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Idaho State University latest campus to adopt smoking ban

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Associated Press
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POCATELLO, Idaho -- Officials at Idaho State University decided this week to ban smoking on the Pocatello campus, following a recommendation from student leaders, who passed a resolution nearly a year ago supporting the move to a smoke-free institution.
The ban will take effect in September, the university said Wednesday, and with it, two of Idaho's three public universities will have made their campuses smoke-free zones. Boise State University was first, adopting its policy in 2009.
The University of Idaho in Moscow has policies placing restrictions on smokers but is not a smoke-free campus. Elsewhere in the state, the College of Southern Idaho, in Twin Falls, and North Idaho College, in Coeur d'Alene, have adopted bans, the Idaho State Journal reported.
At Idaho State University, the previous policy required smokers to be at least 20 feet from buildings. School administrators sought feedback in 2010 on their smoking policy and wondered if they should leave it unchanged, ban smoking or designate a few areas where smoking is allowed.
The new smoking ban will not extend to the university's satellite campus in Idaho Falls because that campus is shared with the University of Idaho, Dean Lyle Castle said. He told the Post Register (http://bit.ly/eAxTBM ) that a smoke-free policy is possible at the branch, but it would have to be a joint effort by both universities.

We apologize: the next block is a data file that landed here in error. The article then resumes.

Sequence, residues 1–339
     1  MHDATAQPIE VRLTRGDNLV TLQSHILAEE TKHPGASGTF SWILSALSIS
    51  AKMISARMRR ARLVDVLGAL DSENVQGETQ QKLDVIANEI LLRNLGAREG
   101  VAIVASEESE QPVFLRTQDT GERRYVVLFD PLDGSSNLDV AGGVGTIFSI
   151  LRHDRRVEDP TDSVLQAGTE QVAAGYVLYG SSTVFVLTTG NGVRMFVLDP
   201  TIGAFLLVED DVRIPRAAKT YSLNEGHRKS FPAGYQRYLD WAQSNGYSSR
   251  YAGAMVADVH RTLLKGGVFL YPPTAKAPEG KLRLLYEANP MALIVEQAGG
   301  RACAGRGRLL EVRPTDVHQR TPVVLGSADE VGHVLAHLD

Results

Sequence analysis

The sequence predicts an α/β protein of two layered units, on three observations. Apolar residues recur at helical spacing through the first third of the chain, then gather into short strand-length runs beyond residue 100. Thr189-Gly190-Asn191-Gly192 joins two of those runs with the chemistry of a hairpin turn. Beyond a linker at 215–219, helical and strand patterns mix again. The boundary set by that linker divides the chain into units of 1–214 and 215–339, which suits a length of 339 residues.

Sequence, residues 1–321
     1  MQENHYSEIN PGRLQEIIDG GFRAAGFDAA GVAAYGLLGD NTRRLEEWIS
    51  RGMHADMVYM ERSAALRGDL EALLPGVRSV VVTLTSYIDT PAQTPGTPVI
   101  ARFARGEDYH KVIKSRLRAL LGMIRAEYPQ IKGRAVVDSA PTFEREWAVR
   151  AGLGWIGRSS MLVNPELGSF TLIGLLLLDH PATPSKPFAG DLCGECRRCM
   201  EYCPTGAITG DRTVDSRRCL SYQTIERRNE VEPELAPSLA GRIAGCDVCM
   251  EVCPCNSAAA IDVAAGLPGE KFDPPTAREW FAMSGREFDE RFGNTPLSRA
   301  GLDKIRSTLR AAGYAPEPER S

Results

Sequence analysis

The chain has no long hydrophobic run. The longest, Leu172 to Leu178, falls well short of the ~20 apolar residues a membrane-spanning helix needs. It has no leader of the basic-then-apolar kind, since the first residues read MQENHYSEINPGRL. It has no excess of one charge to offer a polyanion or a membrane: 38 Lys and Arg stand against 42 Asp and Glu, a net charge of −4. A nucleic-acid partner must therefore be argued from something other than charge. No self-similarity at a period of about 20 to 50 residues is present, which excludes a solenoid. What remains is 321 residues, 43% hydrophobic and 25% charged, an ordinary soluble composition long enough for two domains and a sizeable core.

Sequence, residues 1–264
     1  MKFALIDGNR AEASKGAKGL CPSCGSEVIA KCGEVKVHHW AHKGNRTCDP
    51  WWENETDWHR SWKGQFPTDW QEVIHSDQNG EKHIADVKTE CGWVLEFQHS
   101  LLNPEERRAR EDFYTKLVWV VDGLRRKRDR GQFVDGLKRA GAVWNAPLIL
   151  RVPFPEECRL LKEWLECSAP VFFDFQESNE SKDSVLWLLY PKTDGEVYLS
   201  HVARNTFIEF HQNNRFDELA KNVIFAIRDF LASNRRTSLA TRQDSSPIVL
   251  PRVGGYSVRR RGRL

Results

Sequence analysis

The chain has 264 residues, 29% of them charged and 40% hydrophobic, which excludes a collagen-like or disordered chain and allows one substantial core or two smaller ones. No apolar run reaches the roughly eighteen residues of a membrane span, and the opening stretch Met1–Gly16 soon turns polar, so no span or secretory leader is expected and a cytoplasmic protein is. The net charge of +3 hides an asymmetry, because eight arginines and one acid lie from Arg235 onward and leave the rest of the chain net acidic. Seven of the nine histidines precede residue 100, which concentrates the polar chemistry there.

The Associated Students of ISU voted last September to support making the main campus in Pocatello smoke-free.
There was some discussion of a modified smoke-free campus policy, former student body president Shaun Stokes said.
"In the end we felt that allowing smoking anywhere on campus defeated the purpose of having clean air environments. And building external structures for smoking limited to certain areas of the campus seemed a poor choice of resources," Stokes said in a university statement announcing the change.
Idaho State President Arthur Vailas said the new policy is consistent with the school's focus. "As the higher education institution in Idaho that offers the largest number of programs in the health professions, this new policy is consistent with our focus on health and wellness," Vailas said in a statement.
A survey found that nearly 9 percent of the campus community smokes daily and to help people adjust to the change, school officials are offering smoking cessation workshops.
Story tags » CollegesHealth

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